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Belgrade cinema spirit

After attending Divan Film and Food Festival, The Cine Caravan traveled for a short event in Belgrade, Belgrade Film(e)scape, organized by the Faculty of Dramatic Arts (prof. Nevena Dakovic and prof. Aleksandra Milovanovic) and Film Center Serbia. The program of the event was a nice blend of learning about film and exploring the Serbian capital. On the first day, we had a meeting with Milutin Petrovic, acclaimed director and an interesting figure considered by many to be a film maverick.

During the first day, we had a meeting with Milutin Petrovic, acclaimed director and an interesting figure considered by many to be a film maverick. Petrovic has opened up many questions, from the ones regarding film criticism to those regarding filmmaking, its present and future, and his own position in it. Namely, he often shoots films on his own, without any money awarded by the Government. He is famous for his debut movie (The Land of Truth, Love and Freedom, 2000) which contained a statement that the film wasn’t financed by any ministry or other governmental institution. Speaking of the difficulties for filmmakers in the Balkans to obtain means for their movies, he was actually talking about how not to give up the passion for making movies.

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Milutin Petrovic // photo: Aleksandra Milovanovic

Trying to be practical and taking into account that he is teaching to future film critics, Petrovic has reflected on the film criticism as well. His words regarding criticism were the words of advice, giving out his vision of what a young critic should pay attention to. He insisted that it is inevitable for a critic to pay attention to the film technology. In order to understand the film and review it at the highest level, a critic, as Petrovic claims, has to understand the mechanisms behind the filmmaking.

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Cine Caravan at the Faculty of Dramatic Arts // photo: Aleksandra Milovanovic

Our next event was a round table on film criticism in Serbia, again at the Faculty of Dramatic Arts. The event featured three prominent Serbian critics – Ivan Velisavljevic, Dimitrije Vojnov and Vesna Peric and it was moderated by a student Masa Senicic. Ivan Velisavljevic was kind to give me an interview earlier when I have met him, and it was published here. The discussion was open and spontaneous, going from the critics’ personal views of criticism, what it is and what it is supposed to be, to their own efforts to improve the criticism scene in their environment. As the Serbian cinema goes through prominent changes at the moment, offering more and more good movies, some of them even going far beyond the domestic film tradition, it was inevitable for us to discuss such topics as well. For this event, we were also joined by other students and locals involved with film.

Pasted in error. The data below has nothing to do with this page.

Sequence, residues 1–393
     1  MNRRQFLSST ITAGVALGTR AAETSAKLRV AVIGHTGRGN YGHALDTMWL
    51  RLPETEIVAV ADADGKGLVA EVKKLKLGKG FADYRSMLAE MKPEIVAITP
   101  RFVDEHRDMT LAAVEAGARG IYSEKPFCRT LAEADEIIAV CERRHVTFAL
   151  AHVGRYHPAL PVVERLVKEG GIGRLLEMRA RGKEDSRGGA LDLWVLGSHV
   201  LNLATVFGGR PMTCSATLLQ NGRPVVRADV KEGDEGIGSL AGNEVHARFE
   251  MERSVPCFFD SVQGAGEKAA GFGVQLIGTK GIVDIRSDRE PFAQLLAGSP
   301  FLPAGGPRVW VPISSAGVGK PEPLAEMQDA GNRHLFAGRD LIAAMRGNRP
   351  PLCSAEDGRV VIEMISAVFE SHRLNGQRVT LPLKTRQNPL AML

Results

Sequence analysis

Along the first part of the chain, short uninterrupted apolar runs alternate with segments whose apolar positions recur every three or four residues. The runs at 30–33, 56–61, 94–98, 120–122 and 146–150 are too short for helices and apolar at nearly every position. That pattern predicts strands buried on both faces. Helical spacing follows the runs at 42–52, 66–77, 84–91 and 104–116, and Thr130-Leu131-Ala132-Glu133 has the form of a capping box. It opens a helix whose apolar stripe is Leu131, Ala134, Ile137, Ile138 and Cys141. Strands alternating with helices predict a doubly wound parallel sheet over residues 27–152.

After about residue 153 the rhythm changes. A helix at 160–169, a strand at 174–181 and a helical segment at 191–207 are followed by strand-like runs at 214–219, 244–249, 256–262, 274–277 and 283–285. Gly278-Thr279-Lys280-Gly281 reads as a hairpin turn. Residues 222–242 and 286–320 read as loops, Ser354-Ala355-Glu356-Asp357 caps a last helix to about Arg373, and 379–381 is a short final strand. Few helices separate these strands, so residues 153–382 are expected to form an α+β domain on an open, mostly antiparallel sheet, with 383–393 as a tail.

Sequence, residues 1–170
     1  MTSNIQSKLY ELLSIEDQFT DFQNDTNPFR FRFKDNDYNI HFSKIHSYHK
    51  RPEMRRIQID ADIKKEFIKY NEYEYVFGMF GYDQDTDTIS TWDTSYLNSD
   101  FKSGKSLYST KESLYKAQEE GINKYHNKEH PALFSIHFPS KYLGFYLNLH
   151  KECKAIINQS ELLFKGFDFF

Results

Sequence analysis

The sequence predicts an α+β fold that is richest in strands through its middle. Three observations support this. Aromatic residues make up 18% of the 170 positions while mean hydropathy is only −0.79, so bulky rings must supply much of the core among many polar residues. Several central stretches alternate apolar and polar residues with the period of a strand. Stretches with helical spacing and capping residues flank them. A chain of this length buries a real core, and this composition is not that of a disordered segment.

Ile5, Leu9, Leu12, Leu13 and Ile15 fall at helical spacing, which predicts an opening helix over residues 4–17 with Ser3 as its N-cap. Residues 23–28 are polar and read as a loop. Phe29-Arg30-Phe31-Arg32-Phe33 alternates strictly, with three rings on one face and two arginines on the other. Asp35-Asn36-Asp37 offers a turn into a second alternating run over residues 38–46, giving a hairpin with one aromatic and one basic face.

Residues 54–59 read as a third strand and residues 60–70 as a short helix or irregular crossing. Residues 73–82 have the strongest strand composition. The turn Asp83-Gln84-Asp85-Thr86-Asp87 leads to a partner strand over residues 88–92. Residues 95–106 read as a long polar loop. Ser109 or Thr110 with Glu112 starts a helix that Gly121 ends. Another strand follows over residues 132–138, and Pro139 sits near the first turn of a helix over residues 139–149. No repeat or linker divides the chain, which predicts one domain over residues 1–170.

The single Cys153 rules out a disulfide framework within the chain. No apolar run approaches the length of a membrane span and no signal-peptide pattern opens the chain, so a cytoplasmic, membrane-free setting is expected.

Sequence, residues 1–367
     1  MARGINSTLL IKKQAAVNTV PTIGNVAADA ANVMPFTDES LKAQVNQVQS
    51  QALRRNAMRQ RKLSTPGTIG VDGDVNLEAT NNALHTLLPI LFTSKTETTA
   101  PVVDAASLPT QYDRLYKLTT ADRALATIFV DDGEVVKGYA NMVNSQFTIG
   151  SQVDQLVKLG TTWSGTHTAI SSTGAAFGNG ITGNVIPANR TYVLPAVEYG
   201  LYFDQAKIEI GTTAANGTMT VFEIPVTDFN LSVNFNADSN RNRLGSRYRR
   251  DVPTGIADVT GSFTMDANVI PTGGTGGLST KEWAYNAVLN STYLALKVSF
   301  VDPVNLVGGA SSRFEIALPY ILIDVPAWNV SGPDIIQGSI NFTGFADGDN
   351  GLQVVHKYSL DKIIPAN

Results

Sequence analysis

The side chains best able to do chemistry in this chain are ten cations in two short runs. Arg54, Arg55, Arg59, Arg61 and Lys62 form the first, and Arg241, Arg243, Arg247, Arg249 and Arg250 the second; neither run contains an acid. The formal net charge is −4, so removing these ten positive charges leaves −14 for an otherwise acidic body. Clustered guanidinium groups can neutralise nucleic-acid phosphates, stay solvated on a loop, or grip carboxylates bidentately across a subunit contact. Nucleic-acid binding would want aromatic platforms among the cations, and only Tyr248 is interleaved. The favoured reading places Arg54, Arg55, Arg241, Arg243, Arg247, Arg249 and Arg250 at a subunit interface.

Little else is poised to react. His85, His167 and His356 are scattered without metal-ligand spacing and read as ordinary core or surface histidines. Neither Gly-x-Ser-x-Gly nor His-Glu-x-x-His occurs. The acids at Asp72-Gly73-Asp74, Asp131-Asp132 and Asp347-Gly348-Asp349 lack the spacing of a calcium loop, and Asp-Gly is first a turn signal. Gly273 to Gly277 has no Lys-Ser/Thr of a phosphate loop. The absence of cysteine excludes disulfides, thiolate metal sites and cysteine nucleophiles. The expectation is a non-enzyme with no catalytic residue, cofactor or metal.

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Vesna Peric, Masa Senicic, Ivan Velisavljevic and Dimitrije Vojnov // photo: Aleksandra Milovanovic

Our film exploration was continued at the Yugoslav cinematheque, in its new building, where we had a closed screening of Humidity (d. Nikola Ljuca, 2016), one of the best Serbian films in 2016. This film arrived as a great refreshment, bringing its own aesthetics, story milieu and filmmaking approach. Seeing this film was a great opportunity for a further discussion on what is actually changing in Serbian cinema as well as in the cinema of Balkans. I was watching it for the second time, but there were still many things I had to process, considering the film’s complexness. After the screening, Nikola Ljuca joined us for a Q&A session, sharing some backstage stories with us.

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At the Yugoslav cinematheque // photo: Aleksandra Milovanovic

Finally, after two days of intensive learning about the Serbian cinema culture, we have spent an afternoon exploring the city and its historical trademarks. We have visited Kalemegdan fortress for a guided tour, which has included seeing the fortress inside and outside, its hidden corners and underground facilities. The tour ended in all Balkan style, in a dark cave-alike underground tavern with a good refreshment.

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At Kalemegdan fortress // photo: Aleksandra Milovanovic

Although coming to Belgrade was supposed to mean coming back home for me, it still felt like I was somewhere else with the Cine Caravan. This bonus event was a nice way to see something so familiar, such as my own faculty, in a different light. Young cinephiles and people who are there to teach them is not a new situation but when we consider how each of us came from a different country, the event immediately gets a more festive note.